the gay panic defence

David Marr’s book The High Price of Heaven narrates the trial of a young man, Malcolm Green, who was befriended by a country bloke, Don Gillies, a real estate agent who was gay.

As an addicted reader of detective fiction I fail to understand how judges can dismiss the evidence of a perpetrator telling a friend a few days before his “unpremeditated crime” that he was thinking of knocking someone off. No tricoteuse, as am I, could overlook the evidence of a person’s state of mind; especially when subsequently, the High Court of Australia spent a year deliberating on the validity of a young hetero male being so revolted by a “violent” seduction that he had to resort to murder to remove the threat to himself.

David Marr, aided by the contemporary reactions of one of the judges on the bench, Michael Kirby, himself gay, points out the uncomprehending reactions by catholic hetero individuals to gay behaviour. The sexual assault of Green by Gillies consisted of a gentle touch of Green’s groin; fellow judge remarked: “That is a sexual assault”; Kirby corrected him: “Not technically”.

Marr describes the repugnance and bigotry in the catholic church’s reaction to homosexuality. This is compared to Roman civilisation where gay and hetero behaviours were interchangeable; gay scholar John Boswell mentions “the absolute indifference of most Latin authors to the question of gender”.

Despite Kirby’s and Gummow’s objections, the High Court spent a year defining the concept of “gay panic defense” whereby any number of psychotic and habitually violent individuals, including members of the police force, could excuse their behaviour in the public eye, largely against individuals who made no use of forceful physical actions in the expression of their lust.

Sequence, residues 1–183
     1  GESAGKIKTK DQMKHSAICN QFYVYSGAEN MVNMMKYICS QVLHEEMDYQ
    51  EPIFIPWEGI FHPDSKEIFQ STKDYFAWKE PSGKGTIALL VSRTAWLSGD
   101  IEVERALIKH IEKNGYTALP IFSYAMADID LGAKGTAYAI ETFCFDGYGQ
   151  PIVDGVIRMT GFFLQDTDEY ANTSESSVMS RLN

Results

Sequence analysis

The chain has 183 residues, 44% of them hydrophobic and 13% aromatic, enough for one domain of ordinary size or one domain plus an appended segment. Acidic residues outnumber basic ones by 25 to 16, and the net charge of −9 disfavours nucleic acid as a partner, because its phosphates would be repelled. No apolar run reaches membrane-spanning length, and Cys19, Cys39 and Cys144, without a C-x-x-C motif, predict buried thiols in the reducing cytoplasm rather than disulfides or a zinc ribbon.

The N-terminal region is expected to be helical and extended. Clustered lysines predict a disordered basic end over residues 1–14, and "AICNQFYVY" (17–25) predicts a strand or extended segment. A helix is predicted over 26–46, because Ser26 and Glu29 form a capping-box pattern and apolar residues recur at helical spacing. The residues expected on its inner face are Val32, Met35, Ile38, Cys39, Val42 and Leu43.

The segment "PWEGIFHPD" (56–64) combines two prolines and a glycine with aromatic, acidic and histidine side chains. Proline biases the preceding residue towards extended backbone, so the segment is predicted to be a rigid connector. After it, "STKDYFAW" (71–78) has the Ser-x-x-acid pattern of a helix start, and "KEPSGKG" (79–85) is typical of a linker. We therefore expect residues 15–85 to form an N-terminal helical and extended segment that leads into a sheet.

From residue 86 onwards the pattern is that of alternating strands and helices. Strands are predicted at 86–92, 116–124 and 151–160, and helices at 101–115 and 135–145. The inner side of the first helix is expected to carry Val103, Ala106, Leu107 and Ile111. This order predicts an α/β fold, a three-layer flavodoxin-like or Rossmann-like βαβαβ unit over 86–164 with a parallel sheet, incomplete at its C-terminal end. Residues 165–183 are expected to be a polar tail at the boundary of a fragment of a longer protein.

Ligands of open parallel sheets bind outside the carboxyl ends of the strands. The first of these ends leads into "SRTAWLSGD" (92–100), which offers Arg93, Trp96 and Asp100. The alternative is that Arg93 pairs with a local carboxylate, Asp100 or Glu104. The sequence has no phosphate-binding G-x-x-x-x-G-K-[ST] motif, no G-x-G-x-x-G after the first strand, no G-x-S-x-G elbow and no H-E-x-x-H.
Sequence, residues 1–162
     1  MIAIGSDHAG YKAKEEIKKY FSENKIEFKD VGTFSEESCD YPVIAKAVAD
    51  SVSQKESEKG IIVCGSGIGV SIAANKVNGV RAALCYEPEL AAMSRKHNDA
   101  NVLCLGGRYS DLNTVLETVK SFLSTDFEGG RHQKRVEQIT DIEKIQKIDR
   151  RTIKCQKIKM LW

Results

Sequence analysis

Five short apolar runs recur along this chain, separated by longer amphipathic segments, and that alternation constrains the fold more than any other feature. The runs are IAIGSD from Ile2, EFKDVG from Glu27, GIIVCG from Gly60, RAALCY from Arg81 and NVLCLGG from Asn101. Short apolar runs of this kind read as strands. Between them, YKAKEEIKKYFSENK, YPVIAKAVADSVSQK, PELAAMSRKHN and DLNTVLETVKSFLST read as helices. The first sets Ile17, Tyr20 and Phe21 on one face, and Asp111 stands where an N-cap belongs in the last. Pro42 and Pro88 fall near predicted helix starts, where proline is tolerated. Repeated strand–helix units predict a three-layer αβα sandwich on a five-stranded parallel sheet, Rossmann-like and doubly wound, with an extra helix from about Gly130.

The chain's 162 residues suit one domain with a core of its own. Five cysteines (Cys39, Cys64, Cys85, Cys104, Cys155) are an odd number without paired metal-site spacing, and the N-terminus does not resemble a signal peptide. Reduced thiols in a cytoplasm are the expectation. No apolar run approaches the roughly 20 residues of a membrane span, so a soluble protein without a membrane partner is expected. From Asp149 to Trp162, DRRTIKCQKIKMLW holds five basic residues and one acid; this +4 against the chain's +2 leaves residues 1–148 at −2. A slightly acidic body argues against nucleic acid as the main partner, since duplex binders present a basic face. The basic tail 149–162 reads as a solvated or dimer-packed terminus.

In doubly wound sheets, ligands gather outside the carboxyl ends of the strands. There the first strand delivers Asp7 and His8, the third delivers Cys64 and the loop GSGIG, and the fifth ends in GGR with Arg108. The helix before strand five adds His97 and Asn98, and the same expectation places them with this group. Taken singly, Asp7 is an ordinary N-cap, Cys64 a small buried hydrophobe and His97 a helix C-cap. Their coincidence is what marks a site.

David Marr’s characterisation of the catholic imprimatur on homophobia is well detailed; as Abbott’s government takes its place in parliament and any number of obstacles are placed in the way of civil union equality being granted to gays and lesbians, David Marr will have, in this book, outlined why. That and Abbott’s buddy relationship with Cardinal Pell.

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About anton veenstra

tapestry weaver, fibre artist, gay/qr activist, multiculturalist
This entry was posted in gay panic defense, Judge Michael Kirby and tagged , , , , . Bookmark the permalink.

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